was born in 1744 on the French colony of on a sugar plantation called . He had heard about the French Revolution and its principals of Liberty, Equality and Fraternity. In 1791 he took part in a revolt with other enslaved Africans, angry that they had not been freed by the new French government.
The French declared the of slavery, in order to stop the revolt. Toussaint hoped that the Africans would have their own government, but the British and Spanish, seeing that the French were losing control, tried to take St. Domingue for themselves. Toussaint led an army and defeated them. Toussaint now had control of the island, but the new French leader, , wanted to recapture St. Domingue and bring back slavery. In 1801 he sent an army, but again Toussaint led the former slaves against them and forced the French to make a .
But the French went back on their word and captured Toussaint. They took him to France, where he died in prison in 1803. His successor, , eventually defeated the French. St Domingue was renamed , and became the first black republic on 1st January 1804.

K
Word Bank:
Abolition

Toussaint L’Ouverture

Dessalines

Saint-Domingue

Liberty

Haiti

Fraternity

French Revolution
Equality


Louis XVI

Caribbean

Colonies

Breda

Napoleon

Retreat

EY WORDS





Abolition - bringing something to an end




Bréda - a plantation on St Domingue




Colonies - countries governed by the rulers of another country




Compromise - agreement where each side gives in a little – a middle way



Dessaline




French Revolution - in 1789 the French people threw out their old government and executed their ruler King Louis XVI. The new government was a republic (a state ruled by a government elected by the people). They promised the people Liberty, Equality and Fraternity





Napoleon - dictator who came to power after the French Revolution




Plantations - large estates where crops, such as sugar or cotton are grown




St Domingue - an island in the Caribbean. Today it is called Haiti



Toussaint L’Ouverture





In overthrowing me, you have done no more than cut down the trunk of the tree of the black liberty in St-Domingue-it will spring back from the roots, for they are numerous and deep.” ~ Toussaint L’Ouverture



Explain the meaning of Toussaint’s quote (remember Napoleon sent an army to retake the island in 1802): ________________________________________________________________________

Sugar and Slavery: Molasses to Rum to Slaves (Jean M. West)

“…approximately 25,000 Africans were enslaved and transported across the Atlantic Ocean. Up to two-thirds of these slaves were bound for sugar cane plantations in the Caribbean, Mexico, and Brazil to produce "White Gold." Over the course of the 380 years of the Atlantic slave trade, millions of Africans were enslaved to satisfy the world's sweet tooth. A sugar by-product, molasses, was distilled into rum and sent to Africa to purchase more slaves--this is the infamous Triangle Trade in the history books. Sugar's most bitter legacy is that the labor of slaves fueled the enslavement of even more Africans…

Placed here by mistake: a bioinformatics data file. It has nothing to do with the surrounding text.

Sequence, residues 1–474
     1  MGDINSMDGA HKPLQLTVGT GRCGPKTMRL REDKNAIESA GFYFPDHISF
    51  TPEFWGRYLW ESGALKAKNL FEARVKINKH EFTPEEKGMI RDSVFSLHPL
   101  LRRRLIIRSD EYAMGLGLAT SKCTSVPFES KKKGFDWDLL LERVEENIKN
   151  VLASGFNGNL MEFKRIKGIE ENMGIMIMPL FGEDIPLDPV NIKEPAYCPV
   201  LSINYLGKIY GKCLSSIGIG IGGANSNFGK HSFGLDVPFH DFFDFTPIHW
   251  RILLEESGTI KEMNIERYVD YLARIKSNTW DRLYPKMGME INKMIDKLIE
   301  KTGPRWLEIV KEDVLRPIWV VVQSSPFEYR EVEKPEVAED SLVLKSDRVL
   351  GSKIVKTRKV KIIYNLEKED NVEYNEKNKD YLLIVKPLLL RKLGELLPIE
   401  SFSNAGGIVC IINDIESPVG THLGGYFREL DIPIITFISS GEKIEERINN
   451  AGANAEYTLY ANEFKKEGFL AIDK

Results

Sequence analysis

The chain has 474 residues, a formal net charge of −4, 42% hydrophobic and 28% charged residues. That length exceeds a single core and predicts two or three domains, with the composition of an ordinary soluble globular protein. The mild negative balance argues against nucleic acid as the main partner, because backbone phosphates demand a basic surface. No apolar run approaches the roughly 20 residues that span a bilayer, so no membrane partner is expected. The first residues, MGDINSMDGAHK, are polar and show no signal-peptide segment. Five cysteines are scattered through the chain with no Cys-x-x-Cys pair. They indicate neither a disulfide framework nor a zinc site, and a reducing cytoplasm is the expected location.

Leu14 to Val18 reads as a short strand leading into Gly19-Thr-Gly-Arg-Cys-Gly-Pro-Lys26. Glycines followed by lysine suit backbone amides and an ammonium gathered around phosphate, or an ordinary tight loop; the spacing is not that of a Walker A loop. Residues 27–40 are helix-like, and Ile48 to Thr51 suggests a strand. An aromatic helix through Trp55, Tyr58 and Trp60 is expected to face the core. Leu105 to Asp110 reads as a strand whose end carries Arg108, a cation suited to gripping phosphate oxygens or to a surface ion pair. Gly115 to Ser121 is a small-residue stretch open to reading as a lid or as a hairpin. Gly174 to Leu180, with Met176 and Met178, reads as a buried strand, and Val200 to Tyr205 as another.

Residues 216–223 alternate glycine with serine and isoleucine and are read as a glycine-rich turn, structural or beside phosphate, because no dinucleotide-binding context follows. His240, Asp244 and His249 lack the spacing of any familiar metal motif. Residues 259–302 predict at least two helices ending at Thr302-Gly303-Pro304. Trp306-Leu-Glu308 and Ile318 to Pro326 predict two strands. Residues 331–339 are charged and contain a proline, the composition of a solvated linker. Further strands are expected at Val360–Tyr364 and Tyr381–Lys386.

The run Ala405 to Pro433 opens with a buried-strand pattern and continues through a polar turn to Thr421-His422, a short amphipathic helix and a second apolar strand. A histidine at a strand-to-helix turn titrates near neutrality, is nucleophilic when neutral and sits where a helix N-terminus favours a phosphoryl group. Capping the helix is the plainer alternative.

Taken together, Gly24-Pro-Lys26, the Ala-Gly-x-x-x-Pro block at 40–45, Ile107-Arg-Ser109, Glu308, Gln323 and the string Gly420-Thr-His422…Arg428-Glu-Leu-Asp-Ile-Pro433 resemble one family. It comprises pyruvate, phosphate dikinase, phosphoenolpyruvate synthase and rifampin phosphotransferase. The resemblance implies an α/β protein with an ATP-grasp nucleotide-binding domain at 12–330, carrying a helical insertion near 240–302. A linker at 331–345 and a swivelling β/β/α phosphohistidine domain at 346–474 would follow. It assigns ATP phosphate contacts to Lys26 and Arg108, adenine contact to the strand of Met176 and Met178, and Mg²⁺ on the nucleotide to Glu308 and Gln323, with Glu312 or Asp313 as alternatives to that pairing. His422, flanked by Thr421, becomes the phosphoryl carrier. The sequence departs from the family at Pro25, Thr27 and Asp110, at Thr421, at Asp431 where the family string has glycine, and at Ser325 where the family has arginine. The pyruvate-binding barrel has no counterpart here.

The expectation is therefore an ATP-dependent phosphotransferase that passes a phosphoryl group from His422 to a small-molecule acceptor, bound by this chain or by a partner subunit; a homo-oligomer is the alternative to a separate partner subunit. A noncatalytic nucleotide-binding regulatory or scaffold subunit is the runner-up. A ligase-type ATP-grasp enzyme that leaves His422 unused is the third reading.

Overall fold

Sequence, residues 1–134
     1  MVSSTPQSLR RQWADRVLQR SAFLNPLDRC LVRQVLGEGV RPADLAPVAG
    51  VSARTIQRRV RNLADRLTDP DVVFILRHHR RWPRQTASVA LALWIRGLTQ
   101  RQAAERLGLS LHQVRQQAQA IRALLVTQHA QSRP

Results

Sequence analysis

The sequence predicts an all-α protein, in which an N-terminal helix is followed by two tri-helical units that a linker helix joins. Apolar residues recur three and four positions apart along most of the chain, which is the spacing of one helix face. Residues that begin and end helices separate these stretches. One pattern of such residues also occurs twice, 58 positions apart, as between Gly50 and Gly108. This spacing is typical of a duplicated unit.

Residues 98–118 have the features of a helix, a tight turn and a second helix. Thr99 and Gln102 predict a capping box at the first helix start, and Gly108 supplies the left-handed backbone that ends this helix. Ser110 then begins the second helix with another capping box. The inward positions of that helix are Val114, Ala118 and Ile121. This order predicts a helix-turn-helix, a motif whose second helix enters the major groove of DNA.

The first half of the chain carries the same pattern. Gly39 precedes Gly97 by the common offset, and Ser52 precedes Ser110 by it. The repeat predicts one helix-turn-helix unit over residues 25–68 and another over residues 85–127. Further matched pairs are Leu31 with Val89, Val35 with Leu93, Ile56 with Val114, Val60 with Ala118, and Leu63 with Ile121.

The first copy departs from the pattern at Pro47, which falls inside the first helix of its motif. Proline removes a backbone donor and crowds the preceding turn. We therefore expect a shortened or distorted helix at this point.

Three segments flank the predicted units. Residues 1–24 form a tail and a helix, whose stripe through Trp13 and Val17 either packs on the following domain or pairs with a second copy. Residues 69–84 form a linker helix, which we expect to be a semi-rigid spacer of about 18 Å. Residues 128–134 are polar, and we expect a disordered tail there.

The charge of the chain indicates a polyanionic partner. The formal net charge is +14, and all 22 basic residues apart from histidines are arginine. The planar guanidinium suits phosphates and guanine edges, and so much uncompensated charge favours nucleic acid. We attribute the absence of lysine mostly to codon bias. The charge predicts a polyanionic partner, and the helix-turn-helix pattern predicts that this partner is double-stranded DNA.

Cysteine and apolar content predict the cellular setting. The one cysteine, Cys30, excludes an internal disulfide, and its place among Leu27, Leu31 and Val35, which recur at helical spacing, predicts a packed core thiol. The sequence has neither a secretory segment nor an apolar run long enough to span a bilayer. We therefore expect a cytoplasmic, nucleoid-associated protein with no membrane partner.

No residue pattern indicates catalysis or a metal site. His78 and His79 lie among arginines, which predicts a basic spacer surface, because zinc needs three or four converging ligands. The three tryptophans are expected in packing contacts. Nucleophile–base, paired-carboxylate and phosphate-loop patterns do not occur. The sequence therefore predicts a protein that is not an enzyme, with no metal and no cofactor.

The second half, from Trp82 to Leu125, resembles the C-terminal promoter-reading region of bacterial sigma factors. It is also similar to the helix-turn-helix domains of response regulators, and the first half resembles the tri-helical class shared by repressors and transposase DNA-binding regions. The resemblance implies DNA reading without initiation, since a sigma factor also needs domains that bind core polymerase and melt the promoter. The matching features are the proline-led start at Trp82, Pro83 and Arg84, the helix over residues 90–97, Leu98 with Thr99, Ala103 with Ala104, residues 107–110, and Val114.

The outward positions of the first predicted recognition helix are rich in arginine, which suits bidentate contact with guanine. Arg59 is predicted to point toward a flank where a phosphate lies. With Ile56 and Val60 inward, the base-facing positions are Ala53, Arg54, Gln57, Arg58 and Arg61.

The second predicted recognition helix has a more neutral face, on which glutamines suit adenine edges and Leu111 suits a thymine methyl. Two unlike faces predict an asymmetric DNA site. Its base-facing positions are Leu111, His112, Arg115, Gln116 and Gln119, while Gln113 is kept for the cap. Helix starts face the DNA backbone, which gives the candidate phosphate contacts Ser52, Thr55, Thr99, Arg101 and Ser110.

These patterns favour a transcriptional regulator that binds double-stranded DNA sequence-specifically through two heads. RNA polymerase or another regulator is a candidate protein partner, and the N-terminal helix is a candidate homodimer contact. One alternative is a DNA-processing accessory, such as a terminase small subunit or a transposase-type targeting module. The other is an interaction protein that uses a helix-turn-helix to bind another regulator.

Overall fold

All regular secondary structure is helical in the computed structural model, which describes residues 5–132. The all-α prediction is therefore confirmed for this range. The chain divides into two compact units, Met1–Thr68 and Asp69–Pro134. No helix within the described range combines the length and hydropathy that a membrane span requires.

Sugar planting, harvesting, and processing is tiring, hot, dangerous work and requires a large number of workers whose work habits must be intensely coordinated and controlled…Native Americans were enslaved to work on the earliest sugar plantations, especially in Brazil. Those who could, escaped from the fields, but many more died due to European diseases, such as smallpox and scarlet fever, and the harsh working conditions on the sugar plantations. A Catholic priest named Bartolomé de las Casas asked King Ferdinand of Spain to protect the Taino Indians of the Caribbean by importing African slaves instead. So, around 1505, enslaved Africans were first brought to the New World. For the next three and a half centuries, slaves of African origin provided most of the labor for the sugar industry in the Americas…
Sugar planting was back-breaking work. Lines of slaves, men, women and children, moved across the fields, row by row, hand-planting thousands of seed-cane stems. Between 5,000 and 8,000 pieces had to be planted to produce one acre of sugar cane. Workdays in the fields typically lasted from 6 a.m. to 6 p.m. with a noon-time break of perhaps two hours…Harvesting cane was as backbreaking work as planting cane, and cuts from the sharp tools were common.”

Questions:

  1. Explain the author’s statement: “Sugar’s most bitter legacy is that the labor of slaves fueled the enslavement of even more Africans.” __________________________________________________________________

  2. Describe the impact of sugar cultivation on Native Americans and on Africans. __________________________________________________________________

  3. Who was Bartolome de las Casas and what was his recommendation? __________________________________________________________________

  4. Why was sugar planting back-breaking work? __________________________________________________________________